Being Flynn

Last week, I saw Nick Flynn’s memoir-turned-movie Being Flynn at a fundraiser in Cambridge. Here’s a picture of Nick, actor Paul Dano, and director Paul Weitz.

Paul Dano plays Nick circa 1987, and Robert DiNiro plays his father as they unpack the baggage of their complicated father-son relationship. The relationship comes to a head while Nick is working at the Pine Street Inn shelter in Boston (renamed the Harbor Street Inn for the movie).

Based on Nick’s memoir, Another Bullshit Night in Suck City (too bad they couldn’t keep the book title for the movie), I can’t imagine what it must be like to put your life out there and have it committed to celluloid. I’m still trying to wrap my head around the idea of what one generation passes to another. Are we destined to be our parents? How much of our parents’ baggage do we take with us?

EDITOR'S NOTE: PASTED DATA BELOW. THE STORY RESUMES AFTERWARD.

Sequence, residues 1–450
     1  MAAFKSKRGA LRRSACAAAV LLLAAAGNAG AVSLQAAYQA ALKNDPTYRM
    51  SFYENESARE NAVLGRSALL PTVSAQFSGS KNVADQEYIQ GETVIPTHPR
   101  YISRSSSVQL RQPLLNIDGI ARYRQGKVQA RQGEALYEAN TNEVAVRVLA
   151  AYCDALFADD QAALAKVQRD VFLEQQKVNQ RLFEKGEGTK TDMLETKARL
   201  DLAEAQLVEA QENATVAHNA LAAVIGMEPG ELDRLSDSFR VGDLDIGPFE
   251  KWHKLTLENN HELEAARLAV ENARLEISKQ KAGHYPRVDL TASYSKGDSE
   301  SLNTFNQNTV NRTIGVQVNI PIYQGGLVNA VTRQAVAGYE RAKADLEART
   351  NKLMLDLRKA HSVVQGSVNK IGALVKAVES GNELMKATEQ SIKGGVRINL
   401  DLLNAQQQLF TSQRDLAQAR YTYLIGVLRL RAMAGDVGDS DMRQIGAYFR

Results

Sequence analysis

Also, and maybe more important, Being Flynn does a great job of showing how easily someone can lose their stability and become homeless. Likewise, it shows that homelessness does not have to be the end of a person’s story. Proceeds from the benefit screening went to the Elders Living at Home Program, the program that transitioned Nick’s father into an apartment after years of shelters and living on the street.

After the Q &A, while waiting in line for a book, I met the real “Captain,” the gentleman who has worked at the Pine Street Inn for 31 years. His character was one of the pivotal figures in the movie. He was beaming—his joy was contagious. I’m not surprised that Nick's story has touched so many lives. He’s a terrific poet and writer, and one of the nicest people around. I'm thrilled for his growing success. 


Shout out Steve Almond for the vegan cupcake. It was yummy!


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